Pfizer vaccine gains WHO’s emergency use approval; Paves the way for poor countries to access it

By Rahul Vaimal, Associate Editor
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The World Health Organization (WHO) says that it has approved the Pfizer-BioNTech coronavirus vaccine for emergency use, meaning that poorer countries will soon have access to the shot that is already available in Europe and North America.

For any COVID-19 vaccine, every country that has a drug regulatory agency would have to issue its own approval, but nations with inadequate systems typically depend on WHO to check the shots.

The global body said that the decision to issue its first emergency use validation for a COVID-19 vaccine “opens the door for countries to expedite their own regulatory approval processes to import and administer the vaccine.”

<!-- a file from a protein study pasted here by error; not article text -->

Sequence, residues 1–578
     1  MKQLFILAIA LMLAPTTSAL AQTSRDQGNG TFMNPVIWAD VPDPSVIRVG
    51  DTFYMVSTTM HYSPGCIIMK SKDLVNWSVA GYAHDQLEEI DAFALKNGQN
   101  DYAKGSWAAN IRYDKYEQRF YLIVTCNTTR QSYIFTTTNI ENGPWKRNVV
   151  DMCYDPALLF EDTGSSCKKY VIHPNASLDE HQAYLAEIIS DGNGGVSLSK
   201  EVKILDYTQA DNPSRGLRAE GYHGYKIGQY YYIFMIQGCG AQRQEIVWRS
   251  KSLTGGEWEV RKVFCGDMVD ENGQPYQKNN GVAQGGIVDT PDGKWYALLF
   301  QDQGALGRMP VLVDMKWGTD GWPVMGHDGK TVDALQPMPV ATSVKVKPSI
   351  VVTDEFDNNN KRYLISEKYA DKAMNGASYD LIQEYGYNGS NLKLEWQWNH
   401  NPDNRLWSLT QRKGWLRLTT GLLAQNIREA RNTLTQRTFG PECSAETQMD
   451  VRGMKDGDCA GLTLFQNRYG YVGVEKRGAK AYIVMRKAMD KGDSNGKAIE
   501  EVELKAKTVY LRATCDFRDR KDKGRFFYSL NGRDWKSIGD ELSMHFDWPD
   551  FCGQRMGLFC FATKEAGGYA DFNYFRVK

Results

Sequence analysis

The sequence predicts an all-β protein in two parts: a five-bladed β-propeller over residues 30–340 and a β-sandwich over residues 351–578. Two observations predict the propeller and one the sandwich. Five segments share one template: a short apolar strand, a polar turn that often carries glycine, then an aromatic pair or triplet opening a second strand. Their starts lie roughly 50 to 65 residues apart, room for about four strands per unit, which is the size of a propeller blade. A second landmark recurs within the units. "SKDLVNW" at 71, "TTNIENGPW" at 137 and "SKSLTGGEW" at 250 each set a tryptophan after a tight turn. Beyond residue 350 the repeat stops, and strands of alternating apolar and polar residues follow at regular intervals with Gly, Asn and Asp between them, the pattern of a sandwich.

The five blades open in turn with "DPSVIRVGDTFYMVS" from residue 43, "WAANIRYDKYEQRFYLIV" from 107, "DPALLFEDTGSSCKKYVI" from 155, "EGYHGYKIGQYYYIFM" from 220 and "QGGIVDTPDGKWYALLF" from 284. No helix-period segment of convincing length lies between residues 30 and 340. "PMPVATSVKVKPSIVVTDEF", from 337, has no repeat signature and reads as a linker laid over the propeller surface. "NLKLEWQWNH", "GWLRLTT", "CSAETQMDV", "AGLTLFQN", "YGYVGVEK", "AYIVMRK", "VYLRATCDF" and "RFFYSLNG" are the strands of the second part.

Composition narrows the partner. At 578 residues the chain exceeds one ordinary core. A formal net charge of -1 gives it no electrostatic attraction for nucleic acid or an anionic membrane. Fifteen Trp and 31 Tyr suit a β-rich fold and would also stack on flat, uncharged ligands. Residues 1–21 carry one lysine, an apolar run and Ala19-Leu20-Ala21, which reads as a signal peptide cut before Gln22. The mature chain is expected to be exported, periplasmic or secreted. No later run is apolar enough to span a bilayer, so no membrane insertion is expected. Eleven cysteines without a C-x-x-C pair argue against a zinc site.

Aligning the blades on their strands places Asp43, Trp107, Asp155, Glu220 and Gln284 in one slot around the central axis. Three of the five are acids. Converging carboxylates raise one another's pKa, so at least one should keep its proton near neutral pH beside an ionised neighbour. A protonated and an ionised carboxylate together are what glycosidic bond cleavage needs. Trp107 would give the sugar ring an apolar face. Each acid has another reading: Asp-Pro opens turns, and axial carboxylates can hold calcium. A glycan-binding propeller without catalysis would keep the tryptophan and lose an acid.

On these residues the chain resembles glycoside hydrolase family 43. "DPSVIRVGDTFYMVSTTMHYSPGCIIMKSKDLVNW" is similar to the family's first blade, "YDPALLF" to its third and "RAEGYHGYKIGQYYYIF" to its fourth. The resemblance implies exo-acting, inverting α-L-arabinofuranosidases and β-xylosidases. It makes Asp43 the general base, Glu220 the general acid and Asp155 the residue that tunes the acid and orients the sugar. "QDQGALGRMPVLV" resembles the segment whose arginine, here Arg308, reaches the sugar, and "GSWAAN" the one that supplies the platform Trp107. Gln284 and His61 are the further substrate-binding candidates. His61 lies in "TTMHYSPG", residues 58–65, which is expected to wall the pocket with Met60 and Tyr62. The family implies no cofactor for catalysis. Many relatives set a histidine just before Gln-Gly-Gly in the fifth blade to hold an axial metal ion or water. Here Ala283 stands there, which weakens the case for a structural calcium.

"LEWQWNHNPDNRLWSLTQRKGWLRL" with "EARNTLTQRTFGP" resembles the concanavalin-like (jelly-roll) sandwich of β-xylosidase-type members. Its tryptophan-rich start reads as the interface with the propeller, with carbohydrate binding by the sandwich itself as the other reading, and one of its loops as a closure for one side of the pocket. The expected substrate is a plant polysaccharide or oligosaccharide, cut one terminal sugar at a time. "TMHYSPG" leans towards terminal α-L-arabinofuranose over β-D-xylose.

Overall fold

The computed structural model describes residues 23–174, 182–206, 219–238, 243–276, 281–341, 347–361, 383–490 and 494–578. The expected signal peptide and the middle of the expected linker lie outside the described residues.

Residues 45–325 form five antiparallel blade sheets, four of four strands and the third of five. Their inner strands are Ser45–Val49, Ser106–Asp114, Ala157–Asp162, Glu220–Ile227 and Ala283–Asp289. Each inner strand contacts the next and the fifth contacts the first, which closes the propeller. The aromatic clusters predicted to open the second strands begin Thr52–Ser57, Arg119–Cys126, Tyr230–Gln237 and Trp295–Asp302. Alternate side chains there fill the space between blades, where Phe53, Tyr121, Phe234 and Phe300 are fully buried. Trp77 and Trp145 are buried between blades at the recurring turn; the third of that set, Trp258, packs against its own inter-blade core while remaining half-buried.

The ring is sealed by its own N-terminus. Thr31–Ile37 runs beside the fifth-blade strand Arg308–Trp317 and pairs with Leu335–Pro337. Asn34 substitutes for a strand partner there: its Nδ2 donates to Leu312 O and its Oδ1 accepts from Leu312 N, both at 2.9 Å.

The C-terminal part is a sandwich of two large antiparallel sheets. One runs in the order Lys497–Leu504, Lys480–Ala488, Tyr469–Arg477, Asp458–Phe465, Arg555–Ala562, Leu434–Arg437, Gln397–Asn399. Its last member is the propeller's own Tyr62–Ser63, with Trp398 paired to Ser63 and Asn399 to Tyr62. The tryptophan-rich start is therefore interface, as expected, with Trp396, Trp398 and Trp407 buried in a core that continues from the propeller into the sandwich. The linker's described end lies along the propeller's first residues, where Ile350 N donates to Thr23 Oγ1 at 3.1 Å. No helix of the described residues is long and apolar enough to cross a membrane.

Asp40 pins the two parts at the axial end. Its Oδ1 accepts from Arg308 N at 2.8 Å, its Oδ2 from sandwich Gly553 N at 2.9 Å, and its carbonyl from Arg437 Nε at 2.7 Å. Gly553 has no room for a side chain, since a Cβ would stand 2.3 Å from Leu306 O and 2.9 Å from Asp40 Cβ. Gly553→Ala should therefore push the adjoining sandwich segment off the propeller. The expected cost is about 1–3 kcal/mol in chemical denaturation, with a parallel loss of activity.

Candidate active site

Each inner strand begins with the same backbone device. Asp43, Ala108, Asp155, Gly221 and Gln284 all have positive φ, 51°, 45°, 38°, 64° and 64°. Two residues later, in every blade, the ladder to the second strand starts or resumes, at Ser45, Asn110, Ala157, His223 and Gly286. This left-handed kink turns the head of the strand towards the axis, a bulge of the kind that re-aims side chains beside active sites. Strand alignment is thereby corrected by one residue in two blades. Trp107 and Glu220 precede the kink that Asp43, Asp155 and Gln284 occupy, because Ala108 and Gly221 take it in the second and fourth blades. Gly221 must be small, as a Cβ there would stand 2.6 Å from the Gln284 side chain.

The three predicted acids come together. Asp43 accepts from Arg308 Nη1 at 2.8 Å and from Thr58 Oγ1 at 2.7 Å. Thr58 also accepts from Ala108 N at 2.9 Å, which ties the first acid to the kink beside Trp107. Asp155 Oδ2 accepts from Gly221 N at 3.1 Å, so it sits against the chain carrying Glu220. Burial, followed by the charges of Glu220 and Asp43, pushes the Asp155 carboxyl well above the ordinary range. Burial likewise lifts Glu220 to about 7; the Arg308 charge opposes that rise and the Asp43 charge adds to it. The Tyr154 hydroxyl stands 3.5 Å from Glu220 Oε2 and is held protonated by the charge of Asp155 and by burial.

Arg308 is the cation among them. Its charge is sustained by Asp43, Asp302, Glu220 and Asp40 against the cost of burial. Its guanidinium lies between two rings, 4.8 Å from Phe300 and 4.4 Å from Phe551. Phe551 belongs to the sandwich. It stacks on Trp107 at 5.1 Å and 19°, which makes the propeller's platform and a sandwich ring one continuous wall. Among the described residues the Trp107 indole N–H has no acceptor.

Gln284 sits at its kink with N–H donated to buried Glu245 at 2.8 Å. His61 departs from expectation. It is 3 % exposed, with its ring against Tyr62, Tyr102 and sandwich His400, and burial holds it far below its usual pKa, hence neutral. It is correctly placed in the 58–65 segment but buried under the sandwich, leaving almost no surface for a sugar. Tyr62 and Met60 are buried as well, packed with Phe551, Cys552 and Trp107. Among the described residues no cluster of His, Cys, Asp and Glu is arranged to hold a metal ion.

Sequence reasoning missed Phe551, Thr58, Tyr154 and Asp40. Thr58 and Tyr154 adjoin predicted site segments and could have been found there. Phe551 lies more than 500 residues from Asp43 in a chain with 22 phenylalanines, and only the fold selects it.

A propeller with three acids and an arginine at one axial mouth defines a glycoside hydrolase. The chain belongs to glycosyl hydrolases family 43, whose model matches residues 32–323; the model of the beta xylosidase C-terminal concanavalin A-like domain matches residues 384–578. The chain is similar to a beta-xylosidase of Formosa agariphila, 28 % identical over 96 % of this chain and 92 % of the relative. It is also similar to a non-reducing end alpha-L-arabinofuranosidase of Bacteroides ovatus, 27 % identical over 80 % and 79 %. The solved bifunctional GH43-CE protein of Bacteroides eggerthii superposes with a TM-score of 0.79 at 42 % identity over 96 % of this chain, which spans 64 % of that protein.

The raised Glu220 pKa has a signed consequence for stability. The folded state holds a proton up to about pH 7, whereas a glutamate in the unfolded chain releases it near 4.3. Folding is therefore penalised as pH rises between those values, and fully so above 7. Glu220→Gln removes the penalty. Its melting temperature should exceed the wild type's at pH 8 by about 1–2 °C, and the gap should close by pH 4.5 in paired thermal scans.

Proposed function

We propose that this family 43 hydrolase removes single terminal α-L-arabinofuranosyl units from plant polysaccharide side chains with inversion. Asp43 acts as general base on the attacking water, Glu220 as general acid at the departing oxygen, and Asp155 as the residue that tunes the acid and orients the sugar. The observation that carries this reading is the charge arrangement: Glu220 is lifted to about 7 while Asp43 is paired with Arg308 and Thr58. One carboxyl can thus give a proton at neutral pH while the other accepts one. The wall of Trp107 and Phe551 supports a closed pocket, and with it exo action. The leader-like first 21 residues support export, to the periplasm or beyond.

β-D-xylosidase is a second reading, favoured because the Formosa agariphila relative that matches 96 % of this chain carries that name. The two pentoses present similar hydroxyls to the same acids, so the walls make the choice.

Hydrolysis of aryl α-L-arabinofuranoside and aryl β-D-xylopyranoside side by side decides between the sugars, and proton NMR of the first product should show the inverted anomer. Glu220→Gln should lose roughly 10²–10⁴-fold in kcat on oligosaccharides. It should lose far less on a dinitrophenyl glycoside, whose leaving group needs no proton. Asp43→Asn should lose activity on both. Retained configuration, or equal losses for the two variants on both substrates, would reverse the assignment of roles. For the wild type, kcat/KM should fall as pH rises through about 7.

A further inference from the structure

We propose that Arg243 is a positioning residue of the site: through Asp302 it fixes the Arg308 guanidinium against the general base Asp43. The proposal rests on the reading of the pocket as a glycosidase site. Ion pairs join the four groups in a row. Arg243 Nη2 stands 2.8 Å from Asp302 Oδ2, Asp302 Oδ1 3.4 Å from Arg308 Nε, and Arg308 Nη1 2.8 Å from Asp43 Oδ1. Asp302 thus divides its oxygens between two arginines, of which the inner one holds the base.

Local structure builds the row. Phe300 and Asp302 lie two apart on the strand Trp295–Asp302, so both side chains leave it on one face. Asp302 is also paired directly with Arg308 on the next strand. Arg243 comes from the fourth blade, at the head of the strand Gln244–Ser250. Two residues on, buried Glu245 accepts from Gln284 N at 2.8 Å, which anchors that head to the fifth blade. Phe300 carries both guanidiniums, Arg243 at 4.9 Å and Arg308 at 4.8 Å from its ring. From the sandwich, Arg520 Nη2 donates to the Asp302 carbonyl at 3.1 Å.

The UN health agency said its review found the vaccine developed by American drugmaker Pfizer and its German partner BioNTech, which has already received clearance in the United States, Britain, the European Union and a dozen other countries, “met the must-have criteria for safety and efficacy set out by WHO.”

The BioNTech-Pfizer vaccine has to be stored at ultra-frozen temperatures, a big hurdle for developing countries where the required freezers and reliable electricity supply may not be available.

“This requirement makes the vaccine more challenging to deploy in settings where ultra-cold chain equipment may not be available or reliably accessible,” WHO said, adding that it was “working to support countries in assessing their delivery plans and preparing for use where possible.”

Meanwhile, Britain became the first country in the world to approve the more affordable and easier to store coronavirus vaccine developed by Oxford University and AstraZeneca amid concerns about a new strain of the virus spreading fast.

The approval from the medicines regulator shows that the vaccine is both safe and effective. The Oxford University and the UK-based multinational pharmaceutical company AstraZeneca started developing the vaccine in the first months of 2020 and tested it on the first volunteer in April, later large-scale clinical trials involving thousands of people were conducted.